Volume 3 Supplement 2

International Symposium on the Pathophysiology of Cardiopulmonary Bypass

Open Access

Mechanical and pharmacological strategies to reduce the systemic inflammatory response during CABG

  • P Tassani1,
  • K Kunkel1,
  • GP Eising1,
  • SL Braun1 and
  • JA Richte1
Critical Care19993(Suppl 2):P18

https://doi.org/10.1186/cc329

Published: 2 March 1999

Objectives

Zero-balanced and modified ultrafiltration are known to reduce the systemic inflammatory response syndrome (SIRS) during pediatric cardiopulmonary bypass (CPB), while corticosteroids have been used successfully in adult patients. Thus, the aim of this study was to compare the effect of mechanical to pharmacological strategies in respect to SIRS in adult patients.

Methods

In a prospective, randomized, controlled study, 73 patients were enrolled. In Group UF patients (n = 21), zero-balanced ultrafiltration was performed during re-warming and modified ultrafiltration immediately after CPB. In Group MP patients (n = 26), 1 g methylprednisolone was given 30 min before CPB. The Group C patients (n = 26), received placebo instead.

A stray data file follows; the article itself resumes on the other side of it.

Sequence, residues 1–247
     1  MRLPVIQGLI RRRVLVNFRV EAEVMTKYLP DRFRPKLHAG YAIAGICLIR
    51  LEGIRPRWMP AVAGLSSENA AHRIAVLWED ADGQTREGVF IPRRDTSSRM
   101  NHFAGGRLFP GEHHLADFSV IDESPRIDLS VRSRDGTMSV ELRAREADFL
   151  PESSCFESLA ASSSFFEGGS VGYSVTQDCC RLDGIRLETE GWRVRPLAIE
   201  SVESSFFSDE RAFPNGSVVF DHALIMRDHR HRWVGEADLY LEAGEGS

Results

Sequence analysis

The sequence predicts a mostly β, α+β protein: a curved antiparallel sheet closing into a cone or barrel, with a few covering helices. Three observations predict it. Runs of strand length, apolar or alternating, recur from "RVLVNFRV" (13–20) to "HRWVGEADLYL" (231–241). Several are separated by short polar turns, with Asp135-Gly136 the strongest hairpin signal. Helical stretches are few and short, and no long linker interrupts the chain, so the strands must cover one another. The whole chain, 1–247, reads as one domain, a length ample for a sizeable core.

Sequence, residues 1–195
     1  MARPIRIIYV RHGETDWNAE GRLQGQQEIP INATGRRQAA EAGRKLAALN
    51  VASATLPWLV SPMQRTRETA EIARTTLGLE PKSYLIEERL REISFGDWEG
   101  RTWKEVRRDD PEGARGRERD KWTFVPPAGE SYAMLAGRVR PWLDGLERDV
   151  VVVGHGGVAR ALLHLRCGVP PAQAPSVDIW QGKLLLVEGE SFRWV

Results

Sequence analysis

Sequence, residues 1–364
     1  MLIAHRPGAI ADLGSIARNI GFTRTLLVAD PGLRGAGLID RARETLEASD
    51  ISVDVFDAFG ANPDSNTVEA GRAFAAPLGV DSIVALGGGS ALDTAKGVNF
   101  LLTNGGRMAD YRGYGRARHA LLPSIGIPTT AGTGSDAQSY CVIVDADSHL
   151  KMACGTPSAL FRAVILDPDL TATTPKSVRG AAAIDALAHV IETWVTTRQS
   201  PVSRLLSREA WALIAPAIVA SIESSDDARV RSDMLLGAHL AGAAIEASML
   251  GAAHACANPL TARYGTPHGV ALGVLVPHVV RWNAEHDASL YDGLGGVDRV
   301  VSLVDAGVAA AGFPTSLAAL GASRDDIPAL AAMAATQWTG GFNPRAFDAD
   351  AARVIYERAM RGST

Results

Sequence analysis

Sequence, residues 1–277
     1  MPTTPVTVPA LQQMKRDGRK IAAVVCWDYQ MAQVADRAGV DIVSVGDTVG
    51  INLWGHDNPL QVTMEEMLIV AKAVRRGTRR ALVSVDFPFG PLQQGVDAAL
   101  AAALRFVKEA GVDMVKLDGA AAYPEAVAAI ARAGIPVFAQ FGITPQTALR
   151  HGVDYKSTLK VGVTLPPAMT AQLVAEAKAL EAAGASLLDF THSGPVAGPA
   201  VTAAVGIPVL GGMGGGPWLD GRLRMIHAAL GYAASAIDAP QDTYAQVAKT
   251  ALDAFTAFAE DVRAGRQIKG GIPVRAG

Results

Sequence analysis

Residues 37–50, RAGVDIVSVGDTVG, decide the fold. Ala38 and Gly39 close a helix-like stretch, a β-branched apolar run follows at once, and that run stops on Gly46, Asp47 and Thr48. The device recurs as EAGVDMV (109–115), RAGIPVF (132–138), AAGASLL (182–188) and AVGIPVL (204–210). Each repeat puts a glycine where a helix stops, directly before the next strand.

Results

After CPB the concentration of interleukin(IL)-6 was significantly lower in Group UF and in Group MP compared with Group C (105 ± 20 and 124 ± 29 vs 203 ± 46 pg/ml, respectively; P < 0.05, mean ± SEM). Anti-inflammatory IL-10 showed a significant (P < 0.01) peak after CPB in Group MP as compared to Group UF and also to Group C. In Group UF, intrapulmonary shunt fraction decreased during modified ultrafiltration from 31 ± 1.2 to 25 ± 1.3% while PaO2 and mean arterial pressure increased (P < 0.01). After CPB the PaO2 and also oxygen distribution in Group MP were higher (P < 0.05) as compared with Group C patients. Extubation-time was shorter in the UF-group compared to the Group C patients (6.1 ± 0.5 vs 8.6 ± 0.7 h, respectively; P < 0.05).

Conclusions

The combination of zero-balanced and modified ultrafiltration reduces SIRS immediately after CPB, resulting in higher arterial pressure, improved pulmonary gas exchange, and shorter need of respiratory support. Methylprednisolone led to a marked reduction of the pro-inflammatory and an increase of anti-inflammatory response. Both strategies to reduce SIRS had positive influence on clinical parameters.

Authors’ Affiliations

(1)
Institute of Anesthesiology, Department of Cardiac Surgery, Institute of Laboratory Analysis, Deutsches Herzzentrum

Copyright

© Current Science Ltd 1999

Advertisement